The impact of primary care supported shielding on the risk of mortality in people vulnerable to COVID-19: English sentinel network matched cohort study
Zarif A., Joy M., Sherlock J., Sheppard JP., Byford R., Akinyemi O., Bankhead CR., Deeks A., Ferreira F., Jones N., Liyanage H., McGagh D., Nicholson B., Oke J., Okusi C., Tripathy M., Williams J., Hobbs R., de Lusignan S.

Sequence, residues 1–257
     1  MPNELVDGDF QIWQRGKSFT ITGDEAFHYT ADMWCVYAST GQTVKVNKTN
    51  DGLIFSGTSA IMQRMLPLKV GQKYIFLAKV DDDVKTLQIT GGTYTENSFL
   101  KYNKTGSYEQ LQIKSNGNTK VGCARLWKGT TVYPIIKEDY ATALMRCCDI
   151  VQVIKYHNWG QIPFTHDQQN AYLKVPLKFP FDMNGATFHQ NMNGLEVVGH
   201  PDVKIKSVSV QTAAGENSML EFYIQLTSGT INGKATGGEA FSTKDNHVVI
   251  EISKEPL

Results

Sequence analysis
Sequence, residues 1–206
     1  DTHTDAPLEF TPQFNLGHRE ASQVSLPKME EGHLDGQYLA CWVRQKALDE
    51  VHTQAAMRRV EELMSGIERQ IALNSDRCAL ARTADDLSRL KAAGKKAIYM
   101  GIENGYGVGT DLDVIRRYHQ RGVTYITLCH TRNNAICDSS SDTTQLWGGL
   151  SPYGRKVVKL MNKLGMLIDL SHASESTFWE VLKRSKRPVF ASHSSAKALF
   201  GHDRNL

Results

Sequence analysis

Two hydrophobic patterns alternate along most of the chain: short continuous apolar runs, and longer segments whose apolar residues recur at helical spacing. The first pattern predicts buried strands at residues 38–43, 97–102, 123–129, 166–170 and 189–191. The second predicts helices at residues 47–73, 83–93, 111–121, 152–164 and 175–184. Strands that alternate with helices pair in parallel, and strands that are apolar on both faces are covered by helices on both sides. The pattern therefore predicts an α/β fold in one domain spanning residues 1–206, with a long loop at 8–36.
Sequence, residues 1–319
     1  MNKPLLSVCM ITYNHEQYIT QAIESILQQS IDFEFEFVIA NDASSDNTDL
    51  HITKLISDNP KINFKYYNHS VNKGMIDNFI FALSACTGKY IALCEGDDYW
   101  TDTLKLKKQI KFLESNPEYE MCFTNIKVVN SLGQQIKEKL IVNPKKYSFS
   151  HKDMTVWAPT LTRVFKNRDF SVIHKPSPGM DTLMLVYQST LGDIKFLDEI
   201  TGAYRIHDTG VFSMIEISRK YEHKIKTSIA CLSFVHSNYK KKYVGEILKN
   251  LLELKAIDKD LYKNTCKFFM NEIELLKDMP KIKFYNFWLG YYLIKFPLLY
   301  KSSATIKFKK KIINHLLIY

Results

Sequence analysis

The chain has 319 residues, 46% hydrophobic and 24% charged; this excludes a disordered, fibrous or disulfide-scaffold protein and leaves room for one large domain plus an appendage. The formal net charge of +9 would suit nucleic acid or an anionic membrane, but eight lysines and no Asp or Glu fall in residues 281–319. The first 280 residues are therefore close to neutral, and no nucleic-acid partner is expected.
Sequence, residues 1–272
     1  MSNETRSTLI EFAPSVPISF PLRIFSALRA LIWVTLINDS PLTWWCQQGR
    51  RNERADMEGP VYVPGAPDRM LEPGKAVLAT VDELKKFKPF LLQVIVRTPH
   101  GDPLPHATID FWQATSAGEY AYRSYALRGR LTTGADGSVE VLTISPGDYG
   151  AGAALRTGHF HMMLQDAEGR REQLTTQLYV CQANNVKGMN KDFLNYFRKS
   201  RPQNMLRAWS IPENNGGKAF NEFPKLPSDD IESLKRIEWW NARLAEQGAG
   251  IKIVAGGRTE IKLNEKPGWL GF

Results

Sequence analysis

Objectives: To mitigate risk of mortality from coronavirus 2019 infection (COVID-19), the UK government recommended ‘shielding’ of vulnerable people through self-isolation for 12 weeks. Methods: A retrospective cohort study using a nationally representative English primary care database comparing people aged >= 40 years who were recorded as being advised to shield using a fixed ratio of 1:1, matching to people with the same diagnoses not advised to shield (n = 77,360 per group). Time-to-death was compared using Cox regression, reporting the hazard ratio (HR) of mortality between groups. A sensitivity analysis compared exact matched cohorts (n = 24,752 shielded, n = 61,566 exact matches). Results: We found a time-varying HR of mortality between groups. In the first 21 days, the mortality risk in people shielding was half those not (HR = 0.50, 95%CI:0.41–0.59. p < 0.0001). Over the remaining nine weeks, mortality risk was 54% higher in the shielded group (HR=1.54, 95%CI:1.41–1.70, p < 0.0001). Beyond the shielding period, mortality risk was over two-and-a-half times higher in the shielded group (HR=2.61, 95%CI:2.38–2.87, p < 0.0001). Conclusions: Shielding halved the risk of mortality for 21 days. Mortality risk became higher across the remainder of the shielding period, rising to two-and-a-half times greater post-shielding. Shielding may be beneficial in the next wave of COVID-19.